Postcard from Esztergom, Hungary

As I walked up Berényi Zsigmond utca, a black-cobblestone street lined with colorful one-story residential buildings, it felt as though I were the last tourist in town. It appeared I had missed the last bus or flight home, leaving my feet no choice but to give in to this deserted path. Both “deserted” and “desert” come from the Latin desertum, meaning “thing abandoned.” I was the thing abandoned, and I, myself, abandoned. I belonged in the desert, inside the sun’s field of vision. As a cactus, I needed the sun. October didn’t have many suns left.

At the foot of the Basilica, I found chestnuts, some fully naked, others still halfway covered by their spiky brown shells reminiscent of tumbleweed. I gathered a handful to feel their smooth surface—the same creamy gloss of a bald head. Unfortunately, they were horse chestnuts, inedible and toxic, unsuitable for roasting. I made a note to myself to purchase the right kind of chestnuts per a friend’s recommendation; whenever she traveled to distant places in the fall, she missed only her Viennese roasted chestnuts. Nothing about the brown balls in my hand screamed “chest” “nut,” no more than my computer that was used to rising along with my breathing, electrically warming my rib cage. I liked their Polish name better, “kasztany,” because it more closely depicted the sound they made when clacked together: kasz / ta / ny. Stepping over three undisciplined puddles, I picked up an entire shell, one that hadn’t split open when it cracked down from the sky. My thumbs did the trick, picking off the exterior bit by bit, spikes eating into my hand. There was something magical about shelling nuts and seeds, uncovering their still tough insides. It almost equaled the ecstatic feeling of finding mushrooms during a well-fought battle with crowded bush and uneven slopes. Almost because with nuts and seeds, the feeling was guaranteed. It was nice to work hard for food, to slow down, to use the tongue as a beak for something other than kissing.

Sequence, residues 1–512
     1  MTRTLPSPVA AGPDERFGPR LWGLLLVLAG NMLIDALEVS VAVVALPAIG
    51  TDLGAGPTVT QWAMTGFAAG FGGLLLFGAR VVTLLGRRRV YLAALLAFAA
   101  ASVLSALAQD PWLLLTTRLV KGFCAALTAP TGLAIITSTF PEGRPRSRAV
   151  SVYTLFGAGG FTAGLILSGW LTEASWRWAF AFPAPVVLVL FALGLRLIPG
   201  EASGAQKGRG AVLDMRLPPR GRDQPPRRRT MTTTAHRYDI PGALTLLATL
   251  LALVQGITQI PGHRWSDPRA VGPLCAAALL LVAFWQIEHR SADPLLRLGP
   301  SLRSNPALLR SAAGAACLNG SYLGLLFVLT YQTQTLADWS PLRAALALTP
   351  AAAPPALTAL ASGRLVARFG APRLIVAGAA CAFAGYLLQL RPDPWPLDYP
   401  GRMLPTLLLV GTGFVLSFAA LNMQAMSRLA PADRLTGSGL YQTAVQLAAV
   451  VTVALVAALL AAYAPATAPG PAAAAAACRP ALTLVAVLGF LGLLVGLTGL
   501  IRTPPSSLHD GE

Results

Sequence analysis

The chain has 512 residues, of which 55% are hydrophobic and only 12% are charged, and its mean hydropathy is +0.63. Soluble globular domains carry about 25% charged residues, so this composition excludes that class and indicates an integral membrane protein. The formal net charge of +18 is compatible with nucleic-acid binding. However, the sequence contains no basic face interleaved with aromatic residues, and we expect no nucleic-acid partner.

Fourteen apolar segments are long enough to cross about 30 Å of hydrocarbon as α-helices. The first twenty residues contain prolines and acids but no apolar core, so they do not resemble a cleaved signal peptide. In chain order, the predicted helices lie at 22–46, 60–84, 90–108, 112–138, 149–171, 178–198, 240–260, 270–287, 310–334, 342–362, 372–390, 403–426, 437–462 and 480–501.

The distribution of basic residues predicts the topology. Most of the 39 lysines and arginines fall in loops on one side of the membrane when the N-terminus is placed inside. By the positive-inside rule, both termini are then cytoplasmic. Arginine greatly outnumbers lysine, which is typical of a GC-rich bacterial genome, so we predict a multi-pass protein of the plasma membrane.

Up close, the Basilica looked like walls and arches. The grandeur of its cylindrical face frozen into an intimidating lighting scheme disappeared. I wound my way around it, the grounds smelling sweetly of recently fallen leaves, stopping every so often to catch sight of a bird-v—though at first it looked like any number of letters—take off from a nearby roof. I was wrong before about there not being any tourists; they moved along the perimeter of the Basilica in drunken huddles, periodically calling out to someone who made a beeline for a different perspective. Various outfits among a group of Japanese tourists made their way into my closet. They were always so cleverly put together, fit not only for weather and activity, but also for fashion, for social media. As I fulfilled my daily quota of observations, the surrounding hills beckoned me. To settle? In a house I would build along with a husband, behind curtains that might as well be sewn into my underwear, protecting my privacy. Why do we care so much about privacy? I had the urge to stuff my mouth with too many hills, playing a European version of Chubby Bunny. They reminded me of San Francisco’s hills, as seen from the De Young observatory. There, I observed a life enter each of the seven hills, run a different course, say hello to different shopkeepers and neighbors, all to the tune of a dystopian soundscape.

Karolina Zapal is an itinerant poet, essayist, translator, and author of Polalka (Spuyten Duyvil, 2018). Her second book, Notes for Mid-birth, is forthcoming from Inside the Castle in late 2019. She is collaborating with the poet CA Conrad on translating their book, The Book of Frank, into Polish. Her work has appeared in Posit, Cathexis Northwest, Witness, and others. She served as the Anselm Hollo Fellow at Naropa University from 2015-2017 and now works in Student Services at the South Carolina Governor’s School for the Arts & Humanities.

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